We are a commune of inquiring, skeptical, politically centrist, capitalist, anglophile, traditionalist New England Yankee humans, humanoids, and animals with many interests beyond and above politics. Each of us has had a high-school education (or GED), but all had ADD so didn't pay attention very well, especially the dogs. Each one of us does "try my best to be just like I am," and none of us enjoys working for others, including for Maggie, from whom we receive neither a nickel nor a dime. Freedom from nags, cranks, government, do-gooders, control-freaks and idiots is all that we ask for.
We mostly post about resistance exercises and calisthenic exercises. Resistance exercises and calisthenics offer plenty of good cardio-pulmonary challenge in themselves, but some almost pure cardio exercise should be part of the fitness mix. The Conditioning or Fitness Triad is what I call it: a total of 2 hrs mostly weights, 1 hr of heavy+lighter calisthenics, 1+ hr of pure cardio.
A few comments about cardio (eg rowing, running, swimming, fast-walk treadmill, stair machine, jump rope, elliptical, bike): These exercises do not build strength. Cardio exercise does nothing to prevent osteoporosis or to strengthen bone. They do help build cardiac power and muscle endurance. These exercises do not help with weight loss in any meaningful way, but keeping your body moving with exertion every day is a good idea, and you can't lift heavy weights every day. We strongly advise against running as a cardio exercise because of joint damage. Sprinting outdoors or indoors is fine, but long runs outdoors are physically destructive (even if mentally beneficial) and offer little fitness benefit.
20-25 minutes of pure cardio, twice or at most 3X/wk, is all anybody needs as the cardio component of a fitness program. It doesn't take much time because it's intensity, not duration, that matters. If you have more time on a given day, spend another 1/2 hr on high-rep weights or calisthenics instead of wasting it on more pure cardio.
There are caveats, however. To be effective, cardio has to be HIIT - High Intensity Interval cardio - approx 1-2 minute sprints alternating with one minute sub-sprints to catch your breath. If you can talk or read during cardio, you are wasting your time. A sprint means around 80% of your max heart rate (unless, like me, you are on BP meds that limit your heart rate in which case you just push it to your max which for me is 120). To get that rate up and maximize the stress, use the max resistance (on a treadmill, for example, an incline of 10 or more) and/or your max sprint speeds and put your heart into it. Otherwise, it's fairly useless unless you are over 80 years old or infirm.
Distance runners (I used to be one) and distance swimmers (I used to swim a mile daily) are not accomplishing very much. It feels good, though.
The other Cardio caveat concerns variety. Continuous repetition of the same cardio exercise increases your efficiency with it and thus diminishes its cardio effectiveness, so we need to vary the cardio exercises to keep the stress up. Mix it up, even within one session. Less boring, too. I always add a few minutes of jump rope at the end - singles, running man, and one-footed, to make sure I finish with nothing left in the tank. Jumping is tough and you will see mostly guys doing it - few if any bouncing gals.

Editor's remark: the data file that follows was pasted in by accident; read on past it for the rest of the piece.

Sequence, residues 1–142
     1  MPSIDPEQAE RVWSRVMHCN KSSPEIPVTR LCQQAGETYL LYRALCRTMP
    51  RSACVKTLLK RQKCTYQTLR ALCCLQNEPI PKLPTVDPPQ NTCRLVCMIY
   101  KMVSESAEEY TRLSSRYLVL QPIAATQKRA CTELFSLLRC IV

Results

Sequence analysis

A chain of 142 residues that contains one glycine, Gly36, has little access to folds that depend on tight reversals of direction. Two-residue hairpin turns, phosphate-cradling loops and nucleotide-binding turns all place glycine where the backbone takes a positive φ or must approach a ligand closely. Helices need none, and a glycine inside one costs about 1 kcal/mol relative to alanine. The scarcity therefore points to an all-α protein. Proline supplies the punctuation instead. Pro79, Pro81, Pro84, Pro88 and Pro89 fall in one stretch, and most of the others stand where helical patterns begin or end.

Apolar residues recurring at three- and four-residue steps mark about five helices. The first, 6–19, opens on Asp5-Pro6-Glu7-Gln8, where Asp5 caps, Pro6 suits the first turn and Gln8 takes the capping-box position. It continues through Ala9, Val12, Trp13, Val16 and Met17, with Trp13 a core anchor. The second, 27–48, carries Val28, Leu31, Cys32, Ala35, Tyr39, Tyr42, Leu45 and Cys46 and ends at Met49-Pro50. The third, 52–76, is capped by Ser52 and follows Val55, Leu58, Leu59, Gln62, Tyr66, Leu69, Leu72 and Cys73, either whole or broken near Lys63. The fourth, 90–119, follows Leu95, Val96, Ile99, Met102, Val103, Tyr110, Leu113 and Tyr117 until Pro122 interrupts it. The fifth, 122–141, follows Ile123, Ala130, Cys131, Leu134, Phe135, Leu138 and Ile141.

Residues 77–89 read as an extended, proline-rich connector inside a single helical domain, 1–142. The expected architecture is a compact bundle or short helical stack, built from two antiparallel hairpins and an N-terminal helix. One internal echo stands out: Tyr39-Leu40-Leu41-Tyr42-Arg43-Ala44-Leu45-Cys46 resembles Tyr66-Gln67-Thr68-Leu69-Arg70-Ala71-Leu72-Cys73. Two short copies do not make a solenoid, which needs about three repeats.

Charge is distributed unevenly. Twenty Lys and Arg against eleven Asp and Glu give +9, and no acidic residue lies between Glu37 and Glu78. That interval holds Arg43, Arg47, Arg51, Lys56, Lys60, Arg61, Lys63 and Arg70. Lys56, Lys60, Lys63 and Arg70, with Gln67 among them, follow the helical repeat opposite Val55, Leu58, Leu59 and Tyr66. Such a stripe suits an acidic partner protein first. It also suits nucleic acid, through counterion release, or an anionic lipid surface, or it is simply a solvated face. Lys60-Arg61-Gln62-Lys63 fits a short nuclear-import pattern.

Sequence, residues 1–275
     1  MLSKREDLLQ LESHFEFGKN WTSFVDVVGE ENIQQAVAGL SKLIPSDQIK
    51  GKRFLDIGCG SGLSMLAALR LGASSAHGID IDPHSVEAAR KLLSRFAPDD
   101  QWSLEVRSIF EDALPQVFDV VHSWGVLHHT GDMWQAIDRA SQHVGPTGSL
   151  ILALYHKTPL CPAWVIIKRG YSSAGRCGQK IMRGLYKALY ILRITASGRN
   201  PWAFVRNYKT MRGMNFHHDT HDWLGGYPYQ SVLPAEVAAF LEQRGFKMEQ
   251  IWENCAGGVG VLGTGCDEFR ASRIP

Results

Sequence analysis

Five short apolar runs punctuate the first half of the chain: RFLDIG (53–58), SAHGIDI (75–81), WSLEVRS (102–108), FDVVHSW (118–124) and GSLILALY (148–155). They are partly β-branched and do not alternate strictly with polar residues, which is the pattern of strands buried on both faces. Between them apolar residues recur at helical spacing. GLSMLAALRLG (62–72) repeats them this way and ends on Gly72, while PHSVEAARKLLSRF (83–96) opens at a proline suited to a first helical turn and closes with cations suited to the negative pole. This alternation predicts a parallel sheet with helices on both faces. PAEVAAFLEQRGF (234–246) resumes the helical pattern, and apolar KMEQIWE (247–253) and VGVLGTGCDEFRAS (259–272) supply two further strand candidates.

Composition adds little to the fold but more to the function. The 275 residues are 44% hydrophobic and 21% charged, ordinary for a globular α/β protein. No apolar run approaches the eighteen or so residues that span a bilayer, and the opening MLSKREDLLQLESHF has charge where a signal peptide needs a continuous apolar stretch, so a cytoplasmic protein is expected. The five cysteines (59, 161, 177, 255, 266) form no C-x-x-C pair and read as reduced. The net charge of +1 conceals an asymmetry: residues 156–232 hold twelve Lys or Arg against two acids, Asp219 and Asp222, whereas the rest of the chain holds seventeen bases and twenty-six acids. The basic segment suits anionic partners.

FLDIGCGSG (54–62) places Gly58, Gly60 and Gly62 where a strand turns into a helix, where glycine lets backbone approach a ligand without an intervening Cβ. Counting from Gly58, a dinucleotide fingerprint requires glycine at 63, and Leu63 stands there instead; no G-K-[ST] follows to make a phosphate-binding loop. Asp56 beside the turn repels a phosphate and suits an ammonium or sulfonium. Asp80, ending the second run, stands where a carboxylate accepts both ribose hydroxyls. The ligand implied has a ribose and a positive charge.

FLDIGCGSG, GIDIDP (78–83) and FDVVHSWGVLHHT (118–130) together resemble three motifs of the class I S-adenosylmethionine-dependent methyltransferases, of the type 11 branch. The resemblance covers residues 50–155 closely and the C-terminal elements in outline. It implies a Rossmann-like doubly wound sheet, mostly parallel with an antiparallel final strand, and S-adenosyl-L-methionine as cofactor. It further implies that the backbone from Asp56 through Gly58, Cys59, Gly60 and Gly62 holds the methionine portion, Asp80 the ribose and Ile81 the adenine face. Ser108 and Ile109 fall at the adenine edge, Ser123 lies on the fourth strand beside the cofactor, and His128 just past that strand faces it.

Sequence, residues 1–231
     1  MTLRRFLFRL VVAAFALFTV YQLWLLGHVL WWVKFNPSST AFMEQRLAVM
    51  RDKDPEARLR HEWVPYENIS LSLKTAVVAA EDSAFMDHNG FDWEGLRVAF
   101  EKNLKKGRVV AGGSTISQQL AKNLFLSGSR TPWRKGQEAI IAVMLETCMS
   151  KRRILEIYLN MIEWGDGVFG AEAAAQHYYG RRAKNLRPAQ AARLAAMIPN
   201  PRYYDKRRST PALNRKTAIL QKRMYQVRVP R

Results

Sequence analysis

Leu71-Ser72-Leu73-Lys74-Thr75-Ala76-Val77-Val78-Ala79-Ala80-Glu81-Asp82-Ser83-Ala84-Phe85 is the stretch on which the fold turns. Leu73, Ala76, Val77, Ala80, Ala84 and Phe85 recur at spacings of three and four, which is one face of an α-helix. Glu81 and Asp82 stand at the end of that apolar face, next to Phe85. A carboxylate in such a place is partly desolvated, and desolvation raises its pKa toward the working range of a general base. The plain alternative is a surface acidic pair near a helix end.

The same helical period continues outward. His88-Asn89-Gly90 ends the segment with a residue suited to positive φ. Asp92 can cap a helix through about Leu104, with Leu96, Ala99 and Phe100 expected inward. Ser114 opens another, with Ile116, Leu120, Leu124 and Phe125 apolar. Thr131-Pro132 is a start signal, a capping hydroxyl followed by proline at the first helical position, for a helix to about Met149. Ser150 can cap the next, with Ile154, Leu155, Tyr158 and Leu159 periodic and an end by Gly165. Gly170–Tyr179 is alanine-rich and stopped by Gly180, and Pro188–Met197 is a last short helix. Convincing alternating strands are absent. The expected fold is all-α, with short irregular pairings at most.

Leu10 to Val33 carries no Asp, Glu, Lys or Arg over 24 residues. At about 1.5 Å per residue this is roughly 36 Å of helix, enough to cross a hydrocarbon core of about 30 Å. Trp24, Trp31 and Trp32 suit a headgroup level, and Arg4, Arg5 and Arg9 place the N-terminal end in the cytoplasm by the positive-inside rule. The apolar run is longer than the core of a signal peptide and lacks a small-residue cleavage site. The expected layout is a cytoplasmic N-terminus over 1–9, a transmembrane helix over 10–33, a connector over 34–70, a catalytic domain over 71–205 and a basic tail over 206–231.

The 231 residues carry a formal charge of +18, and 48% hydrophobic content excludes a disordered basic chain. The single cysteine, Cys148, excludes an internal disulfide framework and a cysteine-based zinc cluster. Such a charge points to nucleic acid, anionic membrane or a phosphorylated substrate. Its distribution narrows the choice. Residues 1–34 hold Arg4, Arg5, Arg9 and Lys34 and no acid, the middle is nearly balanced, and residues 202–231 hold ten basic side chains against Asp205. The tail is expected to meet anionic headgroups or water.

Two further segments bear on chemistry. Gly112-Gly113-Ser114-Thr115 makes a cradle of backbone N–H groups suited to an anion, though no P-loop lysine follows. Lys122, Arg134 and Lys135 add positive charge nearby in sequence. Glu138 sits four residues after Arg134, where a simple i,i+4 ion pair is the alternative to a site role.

An example of a typical cardio day for me would be 5 minutes elliptical warm-up intervals, set above 10, then a one-minute straight-arm plank, then 15 minutes treadmill fast-walk intervals at a 10% incline, then a minute elbow plank, then 5 minutes jump rope. If I have more free time to fill, I'll do some sets of heavy ball throws, light-weight squats, high-rep curls and press-downs.
You are bordering on giving an exercise prescription. Your suggestions are good, for most people, but there will always be those that are sick but dont know it. When giving advice I ALWAYS speak of what I do, not what I think everyone should do. Guiding patients to a physician is always good to cover your butt! Keep up the great blog! Happy to help if needed.
I think you are undervaluing distance running. IF somebody's joints can handle it (and thankfully my 59 year old one's are holding up just fine), then there has to be some resistance training benefit from pushing my 185 pounds over 5 to 8 miles, up and down hills, no?
And over time, you need to keep whatever training you do interesting enough to keep you motivated to do it. I can handle a couple of days a week in the gym as long as I also get to go outside and run on other days. That break from sitting inside at a desk is well worth it to me, even if its not the optimal training program, it sure beats doing nothing.
I don't know. It seems to me that distance runners are accomplishing the ability to keep running for a long time without keeling over and puking. If you can't do it, that tells you something. No way to know if you can unless you do.